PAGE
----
Displaying Service Portal Widgets Outside ServiceNow

There is an update to this post, published in Feburary 2021. Click here to read it.

Congratulations! You’ve built an amazing Service Portal widget. In fact, it’s become so popular inside your company that everyone wants it to be shown on all kinds of different sites and services they offer. These all use different web technologies, and are run through different domain names. You know they all allow you to customise the HTML code, so theoretically it should be possible, but exactly how do you do it?

A ServiceNow instance is run through the service-now.com domain, and it’s a not-uncommon requirement to want to embed a Service Portal widget in websites hosted on other domains. Modern web browsers are very particular about exactly this practice, and for good reason. Let me explain.

Imagine a “wild-west” scenario where web pages were free to include any website from any domain they want. One could run a malicious website on a domain name similar to that of a commonly-misspelt secure service; say, a bank. They could embed the real bank’s website inside their website, so that it takes up the whole page and appears no different to the actual bank website to the untrained eye. What makes this scenario even more dangerous would be throwing JavaScript into the mix, as people could lose a lot of money when the page they visited starts using it to manipulate the real bank page to transfer money from their bank accounts!

Possible Approaches

The security practices that web browsers have implemented to mitigate this risk will impact the methods we can use, and with this in mind, here they are:

  1. iframes
    Create a Service Portal page containing the widget, and include that inside an iframe
  2. Direct include
    Create a Service Portal page containing the widget, use JavaScript to fetch the HTML of the page, and to include it directly inside the HTML code of your page (e.g. via the AngularJS ngInclude directive).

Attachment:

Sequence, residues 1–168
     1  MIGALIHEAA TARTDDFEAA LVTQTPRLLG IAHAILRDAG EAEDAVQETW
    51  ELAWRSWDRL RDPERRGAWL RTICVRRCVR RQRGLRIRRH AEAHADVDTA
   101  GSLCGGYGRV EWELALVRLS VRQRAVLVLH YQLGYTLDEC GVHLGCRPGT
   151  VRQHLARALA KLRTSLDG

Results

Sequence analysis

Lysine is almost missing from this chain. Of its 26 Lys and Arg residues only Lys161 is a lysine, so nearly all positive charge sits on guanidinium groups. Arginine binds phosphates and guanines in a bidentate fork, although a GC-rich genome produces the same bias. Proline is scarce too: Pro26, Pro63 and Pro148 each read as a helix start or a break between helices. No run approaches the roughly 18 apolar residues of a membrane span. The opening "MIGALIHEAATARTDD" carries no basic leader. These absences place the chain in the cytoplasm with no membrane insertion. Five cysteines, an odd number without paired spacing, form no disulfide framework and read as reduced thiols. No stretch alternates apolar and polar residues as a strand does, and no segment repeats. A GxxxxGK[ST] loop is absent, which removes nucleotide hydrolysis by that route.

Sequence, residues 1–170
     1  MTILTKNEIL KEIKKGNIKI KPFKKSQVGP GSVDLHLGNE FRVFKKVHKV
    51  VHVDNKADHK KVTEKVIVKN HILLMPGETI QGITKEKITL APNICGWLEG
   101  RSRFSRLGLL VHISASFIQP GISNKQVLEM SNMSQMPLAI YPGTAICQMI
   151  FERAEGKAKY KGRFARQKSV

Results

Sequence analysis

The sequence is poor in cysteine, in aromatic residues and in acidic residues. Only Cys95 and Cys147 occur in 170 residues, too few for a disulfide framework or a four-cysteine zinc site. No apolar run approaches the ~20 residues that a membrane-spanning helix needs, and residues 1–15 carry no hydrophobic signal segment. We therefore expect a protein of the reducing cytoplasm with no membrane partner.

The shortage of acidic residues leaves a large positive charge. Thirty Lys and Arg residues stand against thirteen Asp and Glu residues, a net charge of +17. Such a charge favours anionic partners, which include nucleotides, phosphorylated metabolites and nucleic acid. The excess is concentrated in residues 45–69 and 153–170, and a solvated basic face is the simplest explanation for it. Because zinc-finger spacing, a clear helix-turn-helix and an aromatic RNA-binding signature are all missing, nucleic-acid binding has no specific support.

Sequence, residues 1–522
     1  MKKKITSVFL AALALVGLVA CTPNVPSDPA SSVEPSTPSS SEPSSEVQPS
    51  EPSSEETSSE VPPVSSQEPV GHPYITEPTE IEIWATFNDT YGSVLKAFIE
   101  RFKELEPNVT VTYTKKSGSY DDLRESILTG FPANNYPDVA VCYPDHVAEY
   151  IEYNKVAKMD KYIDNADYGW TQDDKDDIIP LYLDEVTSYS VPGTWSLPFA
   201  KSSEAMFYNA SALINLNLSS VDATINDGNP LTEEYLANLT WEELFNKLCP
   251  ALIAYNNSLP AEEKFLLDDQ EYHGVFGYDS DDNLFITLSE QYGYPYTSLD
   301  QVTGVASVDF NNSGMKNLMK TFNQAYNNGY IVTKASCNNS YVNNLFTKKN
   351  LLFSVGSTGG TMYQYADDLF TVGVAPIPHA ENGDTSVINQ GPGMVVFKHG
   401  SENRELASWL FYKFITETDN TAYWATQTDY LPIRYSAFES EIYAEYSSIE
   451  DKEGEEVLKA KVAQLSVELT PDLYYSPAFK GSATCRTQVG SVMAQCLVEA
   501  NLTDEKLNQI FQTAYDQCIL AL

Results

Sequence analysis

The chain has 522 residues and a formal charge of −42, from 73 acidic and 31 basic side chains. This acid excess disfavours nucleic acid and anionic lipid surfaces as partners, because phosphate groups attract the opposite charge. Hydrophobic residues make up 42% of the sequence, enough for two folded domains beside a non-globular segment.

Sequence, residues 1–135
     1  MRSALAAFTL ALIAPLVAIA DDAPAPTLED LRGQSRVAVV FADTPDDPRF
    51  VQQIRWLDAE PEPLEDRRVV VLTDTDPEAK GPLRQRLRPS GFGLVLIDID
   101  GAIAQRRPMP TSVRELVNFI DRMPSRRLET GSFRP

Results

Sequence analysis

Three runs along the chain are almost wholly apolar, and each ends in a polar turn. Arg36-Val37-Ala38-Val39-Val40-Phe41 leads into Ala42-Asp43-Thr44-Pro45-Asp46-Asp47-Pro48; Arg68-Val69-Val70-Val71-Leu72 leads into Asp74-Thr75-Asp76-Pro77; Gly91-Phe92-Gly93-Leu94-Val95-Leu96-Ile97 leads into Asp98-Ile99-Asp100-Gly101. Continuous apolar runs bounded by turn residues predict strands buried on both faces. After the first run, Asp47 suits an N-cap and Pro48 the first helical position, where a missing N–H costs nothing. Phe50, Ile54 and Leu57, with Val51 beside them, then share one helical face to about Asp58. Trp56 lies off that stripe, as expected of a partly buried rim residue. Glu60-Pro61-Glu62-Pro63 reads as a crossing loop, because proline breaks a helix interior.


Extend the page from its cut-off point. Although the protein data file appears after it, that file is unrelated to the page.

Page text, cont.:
As horrible as they are for user experience, sometimes iframes are just unavoidable, and for this scenario that is certainly the case. The reason why is that there are two HTTP headers that modern web browsers want a server to send to control whether the methods should be allowed, and there’s only one of them configurable in ServiceNow:

  1. X-Frame-Options
    • Controls whether the page can be embedded in an iframe.
    • Whether this header is sent or not is configurable using the glide.set_x_frame_options system property.
    • If the header is not sent, it can be embedded in an iframe in any website.
  2. Access-Control-Allow-Origin
    • Controls whether JavaScript can be used to interact with content retrieved from the server in a different domain (e.g. to embed it).
    • Not sent or configurable by ServiceNow.
    • Must be sent to allow the controlled behaviour.

What this means is that we can rule out the “direct include” option 2 as the Access-Control-Allow-Origin header must be set for that method to work. So the only option we have left is to use iframes.

Trying It Out

Look, it works! The widget I built generates a random width and height and sets itself to be that size. This simulates the randomness that you would get if you were trying to embed a widget with an unknown size (for instance the list widget, which varies in height depending on the number of records showing in it).


The widget on a Service Portal page


The Service Portal page embedded in an iFrame